One of the most popular white wine grape varietals in France is Clairette. Its fruit is often referred to as Clairette Blanche.
This is one of the special varieties which is can be used for making both white and red wine. The red wine is produced from Clairette Rose̒ while the sparkling one is made from Clairette Blanche.
Although southern France forms the primary region where these vines grow in other places where they are cultivated are vineyards of Provence, Languedoc and Rhone Valley.
Small plantations are also found in Italy and in a very few countries outside Europe which includes South Africa and Lebanon.
The name Clairette in French means “light one” which is justified to this blanc grape varietal. Clairette acts as the base in white wine blends. Chateauneuf-de-Pape requires various varieties of white wine grapes of which Clairette is one.
It is also known by other names like AG Cleret, Blanquette De Limox, Bon Afrara, Colle Musquette, Cotticour, Feher Kleret, Granolata, Petit Blanc, Osianka, Vivsyanka etc. This light grape variety produces fresh, crisp and sparkling white wine.
History of Clairette grapes
Although it was once widely cultivated in the southern France, the changing palate and trends in the 18th and 19th century caused these grapes to be replaced by higher and better varietals.
Clairette Blanche is also sometimes used to make Vermouth, which a wine rich in aroma and leaves an herbaceous taste on the palate.
The production of Vermouth uses Clairette Blanch owing to the presence of high levels of alcohol and low levels of acidity and tartness in the later.
Presently Clairette plantations cover about 2.5% of the total area of Chateauneuf De Pape set aside for cultivation of white wine. Other places where Clairette vineyards have been established are South Africa, Russia, Algeria, Australia and Israel.
Clairette De Die in France is an appellation where Clairette is the only variety which is allowed to be used for the manufacturing of sparkling white wine.
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Viticulture and Wine Making Process for Clairette Grapes
Belonging typically to the Mediterranean region, it is one of the oldest varieties of grapes found in France. The grape clusters are medium in size and cylindrical or conical in shape.
The grape is especially fleshy and juicy. It is well suited to a dry warm climate and limestone soil.
The harvesting is done early in the season and the vines are hard pruned i.e. the stem of the vines are cut a few inches above the ground.
The wine from these grapes must be consumed in the first year as they do not have good ageing property. They tend to oxidize when left for a long time.
Although this property was once used in the vinification of table wines, the 20th century saw a change in the wine making techniques and hence these varieties suffered a major setback. However this problem related to the oxidization property was overcome by early harvesting.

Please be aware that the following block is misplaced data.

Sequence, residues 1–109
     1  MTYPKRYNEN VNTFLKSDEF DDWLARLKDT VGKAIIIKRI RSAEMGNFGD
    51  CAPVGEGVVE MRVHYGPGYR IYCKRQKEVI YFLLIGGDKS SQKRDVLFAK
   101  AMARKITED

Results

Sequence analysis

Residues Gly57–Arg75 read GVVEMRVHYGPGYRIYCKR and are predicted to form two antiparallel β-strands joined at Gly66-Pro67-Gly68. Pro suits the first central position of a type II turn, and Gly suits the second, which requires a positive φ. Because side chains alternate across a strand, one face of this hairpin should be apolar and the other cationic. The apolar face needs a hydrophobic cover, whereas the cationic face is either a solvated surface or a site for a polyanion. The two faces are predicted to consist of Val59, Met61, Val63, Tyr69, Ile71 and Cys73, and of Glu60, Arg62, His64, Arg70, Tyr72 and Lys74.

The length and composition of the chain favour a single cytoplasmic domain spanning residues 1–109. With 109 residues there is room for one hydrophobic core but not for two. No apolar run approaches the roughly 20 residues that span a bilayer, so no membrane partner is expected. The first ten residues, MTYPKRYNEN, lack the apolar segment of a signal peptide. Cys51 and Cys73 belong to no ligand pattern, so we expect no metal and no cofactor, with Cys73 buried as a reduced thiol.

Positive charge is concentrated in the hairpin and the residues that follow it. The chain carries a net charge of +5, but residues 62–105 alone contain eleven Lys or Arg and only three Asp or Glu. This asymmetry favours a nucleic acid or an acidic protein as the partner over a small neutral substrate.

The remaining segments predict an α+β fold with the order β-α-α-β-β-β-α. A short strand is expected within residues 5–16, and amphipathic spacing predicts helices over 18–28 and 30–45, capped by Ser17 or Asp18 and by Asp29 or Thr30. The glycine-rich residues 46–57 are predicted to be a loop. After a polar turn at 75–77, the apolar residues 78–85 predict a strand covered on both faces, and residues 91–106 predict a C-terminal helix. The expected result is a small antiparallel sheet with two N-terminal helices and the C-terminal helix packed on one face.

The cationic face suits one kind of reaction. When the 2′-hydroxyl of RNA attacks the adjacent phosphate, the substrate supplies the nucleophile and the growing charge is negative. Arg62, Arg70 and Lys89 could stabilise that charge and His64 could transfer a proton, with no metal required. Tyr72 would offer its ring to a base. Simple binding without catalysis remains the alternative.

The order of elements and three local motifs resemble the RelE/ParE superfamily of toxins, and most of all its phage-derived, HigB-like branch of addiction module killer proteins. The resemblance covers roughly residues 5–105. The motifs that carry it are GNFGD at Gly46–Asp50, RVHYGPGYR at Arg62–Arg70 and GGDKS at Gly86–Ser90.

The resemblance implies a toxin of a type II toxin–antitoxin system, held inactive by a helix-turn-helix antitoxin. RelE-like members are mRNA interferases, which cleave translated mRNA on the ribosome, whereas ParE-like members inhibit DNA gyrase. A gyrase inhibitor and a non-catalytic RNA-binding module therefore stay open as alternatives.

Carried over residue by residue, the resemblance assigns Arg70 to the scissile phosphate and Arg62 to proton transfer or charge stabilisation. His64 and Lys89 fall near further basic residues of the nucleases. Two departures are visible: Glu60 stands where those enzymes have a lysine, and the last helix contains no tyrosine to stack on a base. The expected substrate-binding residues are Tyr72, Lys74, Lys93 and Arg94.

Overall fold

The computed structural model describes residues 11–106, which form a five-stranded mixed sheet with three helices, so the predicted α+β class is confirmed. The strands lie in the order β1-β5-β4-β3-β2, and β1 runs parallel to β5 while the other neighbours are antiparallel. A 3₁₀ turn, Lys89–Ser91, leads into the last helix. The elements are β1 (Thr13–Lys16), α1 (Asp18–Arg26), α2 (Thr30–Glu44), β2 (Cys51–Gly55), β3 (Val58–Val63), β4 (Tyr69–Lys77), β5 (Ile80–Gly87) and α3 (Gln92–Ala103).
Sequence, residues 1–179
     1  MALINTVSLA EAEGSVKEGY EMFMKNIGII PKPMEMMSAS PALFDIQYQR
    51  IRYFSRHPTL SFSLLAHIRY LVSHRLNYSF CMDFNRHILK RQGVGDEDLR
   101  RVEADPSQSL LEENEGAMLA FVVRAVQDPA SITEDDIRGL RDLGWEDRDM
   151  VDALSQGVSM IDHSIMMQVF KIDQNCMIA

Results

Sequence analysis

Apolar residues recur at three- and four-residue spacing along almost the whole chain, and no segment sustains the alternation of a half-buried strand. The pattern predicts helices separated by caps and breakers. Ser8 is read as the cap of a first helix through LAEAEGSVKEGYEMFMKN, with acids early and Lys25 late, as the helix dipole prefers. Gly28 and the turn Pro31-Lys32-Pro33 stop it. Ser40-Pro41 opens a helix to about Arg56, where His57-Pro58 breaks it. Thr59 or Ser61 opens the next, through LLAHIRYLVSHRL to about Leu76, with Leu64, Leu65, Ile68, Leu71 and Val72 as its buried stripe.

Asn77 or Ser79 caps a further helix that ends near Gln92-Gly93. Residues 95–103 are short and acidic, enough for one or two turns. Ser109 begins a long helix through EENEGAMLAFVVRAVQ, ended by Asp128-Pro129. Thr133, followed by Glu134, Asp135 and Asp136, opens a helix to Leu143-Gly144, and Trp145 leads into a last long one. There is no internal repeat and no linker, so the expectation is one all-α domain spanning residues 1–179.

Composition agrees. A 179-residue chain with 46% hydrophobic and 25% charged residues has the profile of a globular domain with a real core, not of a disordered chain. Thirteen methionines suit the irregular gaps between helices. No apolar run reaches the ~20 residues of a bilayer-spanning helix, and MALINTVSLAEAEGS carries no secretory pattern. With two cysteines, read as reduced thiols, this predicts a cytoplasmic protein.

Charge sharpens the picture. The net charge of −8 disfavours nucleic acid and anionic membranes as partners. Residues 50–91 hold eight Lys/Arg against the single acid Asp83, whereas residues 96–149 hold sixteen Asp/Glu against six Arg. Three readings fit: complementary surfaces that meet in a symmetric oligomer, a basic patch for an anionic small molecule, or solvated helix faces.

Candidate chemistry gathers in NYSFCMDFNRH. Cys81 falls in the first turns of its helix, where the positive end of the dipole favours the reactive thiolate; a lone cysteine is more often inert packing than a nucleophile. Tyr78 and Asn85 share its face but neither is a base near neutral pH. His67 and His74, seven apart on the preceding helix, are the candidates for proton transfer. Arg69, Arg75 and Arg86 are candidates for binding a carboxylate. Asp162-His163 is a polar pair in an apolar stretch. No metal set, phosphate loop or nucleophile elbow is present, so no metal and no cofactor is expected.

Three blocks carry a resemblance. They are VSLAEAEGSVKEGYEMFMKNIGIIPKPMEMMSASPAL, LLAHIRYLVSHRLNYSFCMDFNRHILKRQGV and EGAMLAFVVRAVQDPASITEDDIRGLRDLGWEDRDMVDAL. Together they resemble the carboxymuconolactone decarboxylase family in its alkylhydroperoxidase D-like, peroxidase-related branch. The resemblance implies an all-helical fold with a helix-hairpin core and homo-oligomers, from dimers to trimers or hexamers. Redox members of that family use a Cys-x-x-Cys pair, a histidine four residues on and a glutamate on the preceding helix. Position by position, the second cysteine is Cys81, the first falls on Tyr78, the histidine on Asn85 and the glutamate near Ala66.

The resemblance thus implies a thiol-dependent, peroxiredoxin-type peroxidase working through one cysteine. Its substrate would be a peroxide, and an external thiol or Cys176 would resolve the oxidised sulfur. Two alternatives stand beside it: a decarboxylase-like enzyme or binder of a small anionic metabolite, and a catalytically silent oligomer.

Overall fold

Characteristics of the Clairette Grape
The wine produced from this grape tends to have a fruity flavour like that of fennel, lime, apricot, apple and peaches.
They are low in tartness, but have high concentrations of alcohol in them. The finish is however slightly bitter and tastes best when consumed in the 1st year after manufacturing.
The appellation of Clairette De Die produced some wine hat require 100% pure Clairette. However, there are some labels under this appellation that does not allow more than 75% Clairette in the vinification process like Methode Ancestrale.
The appellations of Coteaux De Die and Cremant de Die use varying amount of Clairette in their blends. In the vineyards of Clairette de Bellegarde this varietal is used for the preparation of very small amounts of non sparkling wine with no residual sugar present in them.
In the Clairette de Languedoc appellation, this variety is allowed for the production of a very rich, sweet and nutty variety of still wines. It is also one of the varieties used in the Ventoux.
Food pairings with the Clairette wine
The Clairette wine goes well with dishes like Vietnamese rice paper rolls, grilled sardines and salmon terrine which is a preparation of salmon that is allowed to rest at room temperature and then cut in cubes or slices for serving. Clairette de Die also pairs nicely with sweet dishes.
Michael is an online enthusiast, with a lot of knowledge about online marketing. Traveling around the world to hunt for the perfect wine. Latest on Sicily, where Etna has a huge impact on the taste, which is strong with a bitter aftertaste for the youngest wines, but older wines are fantastic. Drinking wine, and writing about them, are one the passions. Remember to drink responsibly 🙂